Carl: I tried it first, and was like NOPE. Then I tried Famitracker. I was ok with Famitracker but I didn’t know trackers at all, and was too slow with them. Then when I came across midiNES, I immediately bought it because I was already familiar with midi, and using a modern sequencer. So I used that a lot. Then I really got into MS-DOS after that, once I discovered Impulse Tracker and Adlib Tracker. I said to myself, ok I just need to sit down and learn all this. So I spent tons of time with Adlib Tracker, and that became one of my main mediums or music creation. Its the “sound” I grew up with as a kid, so I just HAD to learn it.
Adam: I respect that – I know a lot of younger folks now have that sort of same nostalgia for the Gameboy, but there’s the crew of folks who got interested in…well, I guess they call it keygen music, but that sort of old computer sound as opposed to handheld sound. Or console, of course. But electronic music isn’t the only thing you know, of course – I know I’ve seen you play drums and guitar as part of your acts as well.
Carl: Yes. I love chiptune, and electronic music but love the performance aspect of it as well. So after doing early OxygenStar shows with just an NES, I wanted to add some live instrumentation to the set. I initially played just a keyboard, then tried playing drums to the NES music. But once I discovered Adlib Tracker, I wrote the music specifcally knowing, that I would be playing a live drum kit over it. I played tons of shows in that format. And those songs have still not been recorded, and/or released, but maybe someday!
Adam: Ah, I do recall you had recently released an album of “lost tracks” for Oxygenstar though, so at least there’s some!
Carl: Yes – those were old songs that I just wanted people to have, very early stuff.
Adam: To dig a little deeper there for a second – did you know guitar or drums before you started off on your electronic music quest? Or did you teach yourself those as well once you had started writing music on computers?
Carl: I have been playing guitar and drums since 1995 or so. I grew up with a piano in the house as well. I took a few lessons here and there for guitar/drums but played in some schools bands in high school. I also was briefly in some rock bands. I also played clarinet from 5th to 8th grade. That was my first instrument, and how I learned to read sheet music.
Adam: Ah! Then let me ask you – I’m also a band guy from school (I played euphonium), and I always find it hard adapting from reading traditional sheet music to reading trackers – things like having to translate various rhythms into programming delays and things like that. Did you have that same difficulty, or was switching over to Fami and AdLib more natural for you?
Carl: I found that all trackers are different, and you just have to spend the time and really learn the interface. Learning Adlib Tracker II felt like I was starting from square one. It’s pretty much its own animal. If you have basic knowledge of trackers it helps, but I didn’t at that point. I learned Adlib Tracker II as I was learning how to use a tracker at the same time. I was learning how to notate music on a tracker, as well as delving into the world of sound design via FM synthesis, so it was very overwhelming. I should have started with Impulse Tracker and just used samples to get better introduced into the tracker world of music creation.
Adam: I can definitely verify that trying to learn everything at once is a pretty brain-meltingly painful way to do things – but you clearly made it work. Having all the different music projects makes a little more sense now too – how else would you be able to master all of these various programs without going and putting out a body of work tied to each type of thing you wanted to create?Although it’s not just programs – I know you’ve ended up learning the ins and outs of a lot of hardware too. I feel like every day I see you posting videos or pictures of a new synthesizer, or a MIDI sequencer or an old DOS laptop.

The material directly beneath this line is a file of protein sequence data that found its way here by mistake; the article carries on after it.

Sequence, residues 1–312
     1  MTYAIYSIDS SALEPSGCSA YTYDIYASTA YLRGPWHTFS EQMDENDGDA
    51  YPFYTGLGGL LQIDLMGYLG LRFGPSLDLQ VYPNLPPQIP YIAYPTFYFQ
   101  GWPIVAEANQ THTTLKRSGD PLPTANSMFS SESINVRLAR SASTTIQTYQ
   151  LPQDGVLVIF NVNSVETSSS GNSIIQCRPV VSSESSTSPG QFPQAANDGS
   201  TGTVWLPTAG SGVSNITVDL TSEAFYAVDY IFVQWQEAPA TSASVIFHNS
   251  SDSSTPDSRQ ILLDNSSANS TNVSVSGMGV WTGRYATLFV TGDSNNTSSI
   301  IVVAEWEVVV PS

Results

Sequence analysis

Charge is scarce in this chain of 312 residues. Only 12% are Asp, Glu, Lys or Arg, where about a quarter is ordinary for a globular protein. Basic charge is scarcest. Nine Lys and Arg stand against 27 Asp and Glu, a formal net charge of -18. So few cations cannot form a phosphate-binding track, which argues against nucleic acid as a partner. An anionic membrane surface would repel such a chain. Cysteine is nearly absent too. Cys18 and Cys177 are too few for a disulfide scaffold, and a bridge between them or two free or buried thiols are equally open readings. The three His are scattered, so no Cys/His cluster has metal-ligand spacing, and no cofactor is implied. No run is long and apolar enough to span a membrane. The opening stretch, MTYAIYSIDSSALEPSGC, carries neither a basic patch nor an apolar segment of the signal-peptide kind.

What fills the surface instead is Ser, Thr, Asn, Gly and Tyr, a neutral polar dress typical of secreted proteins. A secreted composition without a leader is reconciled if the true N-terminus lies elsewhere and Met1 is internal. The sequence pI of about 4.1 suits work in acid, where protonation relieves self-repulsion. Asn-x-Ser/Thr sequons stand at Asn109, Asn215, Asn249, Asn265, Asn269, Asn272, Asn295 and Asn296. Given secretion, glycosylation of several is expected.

Carl: It is all very time consuming. For me, so much time goes into the learning process before you even have a song starting to form. When I first started making electronic music, it was somewhat VST-based and samples. I slowly got into using actual synthesizers over time, and bought my first synth in 2004 or so: a Roland Juno-106. I loved using hardware much more than sofware/virtual since it was always most confusing to me. And I feel you just have “too much” at your disposal. They are too many options. Researching hardware and finding what caters to you, helps you work with what you got and focus on your design and song writing as a whole. Well, at least for me it works like that. Also, nowadays, you need a really high end computer to run all the software/vst’s available it seems. You can get by with certain VST’s if you do the research though. But with using hardware, and just MIDI, I find it to be a much more stable and streamlined work flow. And it lets me be more hands on as well.
Adam: Would you say that you find it more comfortable making music in platforms that have boundaries?
Carl: I think boundaries make you a better songwriter. If you have 99 tracks, 99 samples, and unlimited CPU power, you can just keep adding more layers, effects, routing, etc. etc. It is so easy to get lost in all of it. Then take the NES for example – it’s only 5 channels, only 5 notes play at one time. You have to really figure out how to write a song that portrays well, with just 5 channels. And its really only 3 channels, of “sound.” The other two are just samples and noise. You have one channel for bass, one channel for lead, and one channel for chords/accompaniment, if you want to look at it that way. So thats how I look at it with using real synthesizers – I buy “multitimbral” synths, so I can write full songs on one synthesizer only. But maybe thats a whole other thing to get into. [laughs] We should probably stick to MS-DOS, NES, etc.
Adam: That’s fine. So speaking of built-in parameters, let’s talk about your laptops. As I recall, you’ve got a few laptops keyed to at the very least the Radlib project – do you have different laptops with different sound capabilities for different projects? Or is it all the same ones running AdLib and Impulse?